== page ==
I deliberately chose a new name, since I was not sure that the EisenScript was going to be a context free grammar – being slightly more pragmatic, I wanted to sacrifice the purity of CDFG for having more control over the graphical output. In particular, I added the possibility of ‘retiring’ rules: after a rule has reached a certain recursive depth, it can either be terminated or substituted by a new rule. (Actually I am a little in doubt, whether this ‘retiring’ is just a form of shorthand notation for specifying something which would be possible to express in a context free grammar). This ‘retiring’ rule makes it possible to create structure like a Menger sponge.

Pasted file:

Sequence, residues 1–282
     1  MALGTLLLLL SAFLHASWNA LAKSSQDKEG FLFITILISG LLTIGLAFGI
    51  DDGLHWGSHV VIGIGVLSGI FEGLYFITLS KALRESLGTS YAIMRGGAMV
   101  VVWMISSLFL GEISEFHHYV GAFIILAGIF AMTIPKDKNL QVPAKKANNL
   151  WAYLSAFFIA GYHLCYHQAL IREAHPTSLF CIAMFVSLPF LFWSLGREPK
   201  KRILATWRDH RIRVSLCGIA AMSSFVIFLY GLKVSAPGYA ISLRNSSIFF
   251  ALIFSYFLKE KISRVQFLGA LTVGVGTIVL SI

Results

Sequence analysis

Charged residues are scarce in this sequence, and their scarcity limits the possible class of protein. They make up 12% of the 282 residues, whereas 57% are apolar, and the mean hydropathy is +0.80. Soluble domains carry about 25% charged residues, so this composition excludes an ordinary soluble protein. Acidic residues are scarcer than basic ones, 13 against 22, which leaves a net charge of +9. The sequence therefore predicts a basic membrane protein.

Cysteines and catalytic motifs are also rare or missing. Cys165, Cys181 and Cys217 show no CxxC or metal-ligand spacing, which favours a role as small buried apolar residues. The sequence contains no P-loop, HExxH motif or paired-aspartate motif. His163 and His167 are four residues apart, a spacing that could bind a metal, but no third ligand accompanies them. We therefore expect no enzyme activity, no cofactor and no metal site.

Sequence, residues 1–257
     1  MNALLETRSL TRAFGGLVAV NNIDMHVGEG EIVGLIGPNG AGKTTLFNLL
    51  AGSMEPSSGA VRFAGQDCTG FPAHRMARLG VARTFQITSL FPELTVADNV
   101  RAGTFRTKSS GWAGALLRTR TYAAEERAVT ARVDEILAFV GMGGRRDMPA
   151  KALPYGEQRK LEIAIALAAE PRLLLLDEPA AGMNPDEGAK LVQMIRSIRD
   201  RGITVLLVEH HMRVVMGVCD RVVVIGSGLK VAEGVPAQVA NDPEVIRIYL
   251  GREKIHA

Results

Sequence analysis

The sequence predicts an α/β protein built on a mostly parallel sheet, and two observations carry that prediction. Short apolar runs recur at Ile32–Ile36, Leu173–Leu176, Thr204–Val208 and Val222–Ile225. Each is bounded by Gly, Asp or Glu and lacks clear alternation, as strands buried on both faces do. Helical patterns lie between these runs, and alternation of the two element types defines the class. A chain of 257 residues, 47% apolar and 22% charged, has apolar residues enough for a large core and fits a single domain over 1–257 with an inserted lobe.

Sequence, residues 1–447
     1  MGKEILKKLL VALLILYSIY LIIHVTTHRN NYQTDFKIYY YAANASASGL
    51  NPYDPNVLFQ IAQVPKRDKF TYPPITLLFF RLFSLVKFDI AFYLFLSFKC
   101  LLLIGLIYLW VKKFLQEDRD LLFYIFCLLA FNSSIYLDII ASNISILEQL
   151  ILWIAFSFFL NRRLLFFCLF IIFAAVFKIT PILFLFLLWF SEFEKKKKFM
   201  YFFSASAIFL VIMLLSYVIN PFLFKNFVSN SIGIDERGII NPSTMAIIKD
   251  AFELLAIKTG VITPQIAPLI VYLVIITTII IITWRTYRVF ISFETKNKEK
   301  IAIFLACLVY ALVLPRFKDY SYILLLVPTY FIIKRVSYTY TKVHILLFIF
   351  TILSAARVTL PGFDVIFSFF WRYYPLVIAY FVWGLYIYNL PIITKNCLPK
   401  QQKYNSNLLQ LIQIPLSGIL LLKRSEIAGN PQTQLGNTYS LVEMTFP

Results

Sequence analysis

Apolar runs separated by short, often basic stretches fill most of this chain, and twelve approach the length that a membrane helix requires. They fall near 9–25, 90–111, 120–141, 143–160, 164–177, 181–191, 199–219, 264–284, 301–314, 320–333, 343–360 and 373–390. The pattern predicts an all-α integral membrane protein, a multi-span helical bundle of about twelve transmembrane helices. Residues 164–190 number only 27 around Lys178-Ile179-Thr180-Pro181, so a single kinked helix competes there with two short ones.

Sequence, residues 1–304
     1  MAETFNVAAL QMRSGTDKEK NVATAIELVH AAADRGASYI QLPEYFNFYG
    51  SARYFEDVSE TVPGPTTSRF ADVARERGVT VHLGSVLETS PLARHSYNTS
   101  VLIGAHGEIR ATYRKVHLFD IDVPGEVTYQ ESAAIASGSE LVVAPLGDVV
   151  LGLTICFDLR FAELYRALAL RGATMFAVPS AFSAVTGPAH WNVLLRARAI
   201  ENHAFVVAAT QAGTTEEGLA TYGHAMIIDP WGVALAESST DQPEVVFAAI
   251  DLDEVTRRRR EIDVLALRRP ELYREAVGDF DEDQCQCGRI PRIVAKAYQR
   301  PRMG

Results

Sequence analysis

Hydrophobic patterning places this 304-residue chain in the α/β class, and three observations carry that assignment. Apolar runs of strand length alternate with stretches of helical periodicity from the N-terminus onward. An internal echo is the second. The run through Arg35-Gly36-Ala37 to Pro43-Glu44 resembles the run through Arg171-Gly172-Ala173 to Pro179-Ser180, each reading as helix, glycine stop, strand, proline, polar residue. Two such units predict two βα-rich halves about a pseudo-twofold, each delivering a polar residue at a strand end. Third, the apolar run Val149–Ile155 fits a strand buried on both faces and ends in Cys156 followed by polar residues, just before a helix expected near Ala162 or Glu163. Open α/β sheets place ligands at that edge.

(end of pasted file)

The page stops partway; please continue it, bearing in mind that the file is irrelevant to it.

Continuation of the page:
Also a few other alterations of CFDG were made:

The ‘startrule’ statement: in CFDG startrules are explicitly specified. In EisenScript, a more generic approach is used: statements which can be used in a rule definition, can also be used at the top-level scope. What actually happens is that Structure Synth collects everything at the top-level scope and creates an implicit start rule.

Termination criteria: in CFDG recursion automatically terminates when the objects produced are too small to be visible. This is a very elegant solution, but it is not easy to do in a dynamic 3D world, where the user can move and zoom with the camera. Several options exist in Structure Synth for terminating the rendering.